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February 1, 2013
Englander, 92, took a personal interest in his clients’ problems

By Jan Pudlow
Senior Editor

In 1920, the year Malvin Englander was born, American women were finally allowed to vote, alcohol was sipped in secret, and the first traffic light was installed in Detroit.

In 1942, the year Englander joined The Florida Bar, a gallon of gas cost 15 cents, duct tape was invented, and the war bond was introduced.

More than 70 years have rolled by since Englander graduated from the University of Miami and first became a lawyer in Miami Beach. Now, at 92, Englander is finally ready to retire, but he will never stop loving the law.

MALVIN ENGLANDER, right, being sworn in as justice of the peace of District 5 of Dade County in 1957 by Judge Robert Floyd. “I began my law career during the World War II, and I think lawyers believed that it was the law that set us apart from other countries,” Englander said.

“We worked as a team with our clients. I assumed the problems of my client and worked on them as if they were my own. A lawyer was a necessary part of a client’s life, going through all of their ordeals, from adoption to incorporation, to real estate closings, to wills. It was all very personal.”

Oldest daughter Nicki Grossman can attest to just how personally her dad represented his clients with their problems, as though they were his own.

“One of the cases that my father was involved in was a boy from Massachusetts whose grandparents brought him to Florida to escape family issues. He brought that little boy home to our house. Everything he did as an attorney, as a gentleman, was never part way. It was 100 percent of the way,” Nicki Grossman said.

“When another client passed away and left a dachshund, we got the dachshund.”

Prominent in the community, Englander served as vice mayor of Miami Beach in the ’50s until 1969, and served as a justice of the peace, coroner, and small claims judge.

Blessed with a sense of humor, one case about two fighting neighbors who threw dog excrement over the fence became known as “The Case of Who Flung the Dung,” Nicki Grossman said with a laugh.

She described how the Englanders were a “dinner-table family,” and there were no excuses for not being home for dinner on Friday night, as the six children gathered around Mal and Sophia Englander to laugh, share, and learn.

A love of the law rubbed off on many of those children: Nicki is married to 17th Circuit Judge Mel Grossman, Patti Englander Henning is also a 17th Circuit judge; Tobie Englander Bagliebter is married to Broward County attorney Gary Baglietber, and youngest child Joe Englander is a lawyer in Ft. Lauderdale, too. Rounding out the half dozen Englander children are Donna Englander Fleishman, who lives in Atlanta, and Marla Englander Carroll, whose middle name is Chanel, because she was child No. 5.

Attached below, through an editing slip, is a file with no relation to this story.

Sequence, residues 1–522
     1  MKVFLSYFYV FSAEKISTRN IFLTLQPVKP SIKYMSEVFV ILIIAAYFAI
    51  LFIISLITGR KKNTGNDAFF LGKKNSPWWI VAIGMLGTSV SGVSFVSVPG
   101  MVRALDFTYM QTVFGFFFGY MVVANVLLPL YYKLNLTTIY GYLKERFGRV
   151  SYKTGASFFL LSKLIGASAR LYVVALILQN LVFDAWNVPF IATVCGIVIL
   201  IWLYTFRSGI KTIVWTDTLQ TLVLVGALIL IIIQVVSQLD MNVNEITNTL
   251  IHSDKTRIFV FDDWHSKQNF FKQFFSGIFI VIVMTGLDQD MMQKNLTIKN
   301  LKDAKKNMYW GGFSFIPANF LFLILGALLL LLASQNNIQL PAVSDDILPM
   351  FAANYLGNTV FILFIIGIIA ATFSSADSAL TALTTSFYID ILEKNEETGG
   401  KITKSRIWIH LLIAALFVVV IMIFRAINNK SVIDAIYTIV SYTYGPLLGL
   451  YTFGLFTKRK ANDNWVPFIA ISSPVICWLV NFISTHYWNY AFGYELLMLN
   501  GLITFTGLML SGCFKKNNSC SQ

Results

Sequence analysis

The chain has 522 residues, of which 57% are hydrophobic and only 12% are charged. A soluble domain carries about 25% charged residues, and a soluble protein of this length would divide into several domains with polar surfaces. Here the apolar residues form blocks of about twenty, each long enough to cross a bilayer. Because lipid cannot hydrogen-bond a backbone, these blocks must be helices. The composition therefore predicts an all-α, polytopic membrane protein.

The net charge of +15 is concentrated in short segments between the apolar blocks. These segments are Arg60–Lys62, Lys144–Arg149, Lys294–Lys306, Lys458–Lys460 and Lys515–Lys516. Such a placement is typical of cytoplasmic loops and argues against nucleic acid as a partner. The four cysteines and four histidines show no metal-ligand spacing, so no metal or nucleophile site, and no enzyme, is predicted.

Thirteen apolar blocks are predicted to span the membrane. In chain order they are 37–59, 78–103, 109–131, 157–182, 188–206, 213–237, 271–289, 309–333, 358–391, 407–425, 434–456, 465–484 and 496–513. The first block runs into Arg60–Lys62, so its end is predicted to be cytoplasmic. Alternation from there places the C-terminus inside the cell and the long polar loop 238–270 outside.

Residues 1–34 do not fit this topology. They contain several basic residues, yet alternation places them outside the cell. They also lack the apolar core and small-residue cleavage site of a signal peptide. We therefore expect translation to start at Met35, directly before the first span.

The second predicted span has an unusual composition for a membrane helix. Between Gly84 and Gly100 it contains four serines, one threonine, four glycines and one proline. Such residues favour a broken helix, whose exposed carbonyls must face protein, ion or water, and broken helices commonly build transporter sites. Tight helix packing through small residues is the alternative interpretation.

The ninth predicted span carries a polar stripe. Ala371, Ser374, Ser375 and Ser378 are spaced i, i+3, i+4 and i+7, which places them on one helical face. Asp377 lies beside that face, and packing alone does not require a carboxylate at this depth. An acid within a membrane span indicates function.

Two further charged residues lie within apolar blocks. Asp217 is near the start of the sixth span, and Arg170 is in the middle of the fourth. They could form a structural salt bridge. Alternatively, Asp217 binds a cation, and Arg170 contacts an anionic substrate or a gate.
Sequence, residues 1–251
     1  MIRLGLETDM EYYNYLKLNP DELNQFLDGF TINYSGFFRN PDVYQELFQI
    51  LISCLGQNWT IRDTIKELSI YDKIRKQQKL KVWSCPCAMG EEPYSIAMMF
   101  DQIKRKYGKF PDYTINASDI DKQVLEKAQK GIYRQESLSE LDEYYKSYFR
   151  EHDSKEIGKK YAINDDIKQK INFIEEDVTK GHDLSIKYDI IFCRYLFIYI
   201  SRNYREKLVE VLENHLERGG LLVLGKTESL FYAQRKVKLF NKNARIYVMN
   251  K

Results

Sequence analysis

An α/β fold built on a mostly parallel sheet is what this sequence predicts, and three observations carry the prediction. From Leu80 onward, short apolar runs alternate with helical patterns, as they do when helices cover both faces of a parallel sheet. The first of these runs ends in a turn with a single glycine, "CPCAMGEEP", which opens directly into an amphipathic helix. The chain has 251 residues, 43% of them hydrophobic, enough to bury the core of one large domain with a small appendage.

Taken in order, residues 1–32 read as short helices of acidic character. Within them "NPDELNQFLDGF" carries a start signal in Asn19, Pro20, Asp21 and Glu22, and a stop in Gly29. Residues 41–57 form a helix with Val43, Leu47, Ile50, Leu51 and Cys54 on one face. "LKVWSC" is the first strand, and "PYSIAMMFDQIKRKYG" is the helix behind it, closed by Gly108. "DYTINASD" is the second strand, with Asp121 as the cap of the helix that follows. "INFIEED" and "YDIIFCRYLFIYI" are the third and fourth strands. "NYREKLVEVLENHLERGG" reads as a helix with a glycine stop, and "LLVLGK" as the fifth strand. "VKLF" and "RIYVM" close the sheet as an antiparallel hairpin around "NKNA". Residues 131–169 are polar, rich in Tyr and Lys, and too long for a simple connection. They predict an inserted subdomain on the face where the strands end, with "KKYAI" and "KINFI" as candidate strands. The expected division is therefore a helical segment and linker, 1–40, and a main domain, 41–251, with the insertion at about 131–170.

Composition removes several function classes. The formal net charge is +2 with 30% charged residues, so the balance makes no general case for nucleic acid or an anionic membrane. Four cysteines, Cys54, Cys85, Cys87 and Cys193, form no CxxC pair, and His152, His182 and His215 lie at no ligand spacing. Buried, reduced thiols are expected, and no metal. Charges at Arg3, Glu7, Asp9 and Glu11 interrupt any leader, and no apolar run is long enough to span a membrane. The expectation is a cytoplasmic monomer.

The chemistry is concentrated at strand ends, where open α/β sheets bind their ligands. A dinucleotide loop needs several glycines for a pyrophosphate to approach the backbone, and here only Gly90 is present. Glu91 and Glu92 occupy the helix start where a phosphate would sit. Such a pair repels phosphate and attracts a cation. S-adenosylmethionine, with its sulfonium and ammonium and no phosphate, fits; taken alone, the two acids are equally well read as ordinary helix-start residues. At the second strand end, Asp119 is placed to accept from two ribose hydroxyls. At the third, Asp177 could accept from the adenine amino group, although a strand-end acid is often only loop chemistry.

Though Nicki took her father’s political path and was elected to the Hollywood City Commission in 1978, and served as a Broward County commissioner, she remembers as a girl working in her father’s law office, learning how to shepherdize cases before there were Westlaw and other online services.

Englander’s wife Sophia has also filled in as her husband’s secretary over the years.

“He loves the law and he has always loved the practice and helping others. The way he has always spoken about it, and the way his clients have told me how much they appreciate him, I get that feeling there is a mutual love,” Sophia said.

“Mal never wanted to specialize. I’ve heard him say many times that his clients’ problems were his problems.”

Celebrating their 70th wedding anniversary in March, Sophia laughs as she tells how she first met Mal in Miami Beach.

She was a member of a service club at Miami High School, called a sorority back then, and they rented a house on Miami Beach for a week of summer fun.

“Those were the Big Band days,” Sophia reminisced, listing songs like “Stardust,” crooners like Frank Sinatra, and band leader Tommy Dorsey.

“In the evenings, we would play the juke boxes and our friends would come and we would dance. One night, one of my friends came over and said, ‘Would you teach this young man how to dance?’ And we’ve been dancing together ever since.”

As Mal closes his practice, Sophia talks about his deep respect for the law.

“This is what Mal has taught me over the many years: The law profession is one of the few professions you could practice for 70 years, and it’s worth spending the time.”

When Mal thinks back over his seven decades in the practice of law, he said, “Technology is the greatest change I have seen over the years. It allowed attorneys to specialize, giving more focused representation to our clients and optimizing the results. Going from flat fees to hourly rates also affected our clients. With a flat fee, the client was aware of the cost of the action. There were no surprises about fees when they were agreed to up front.”

What kept Englander practicing law for as long as his health allowed? His answer brims with enthusiasm:

“I have never been bored one day of my career as an attorney. Something new, something interesting, something to learn about every day!”

[Revised: 07-25-2014]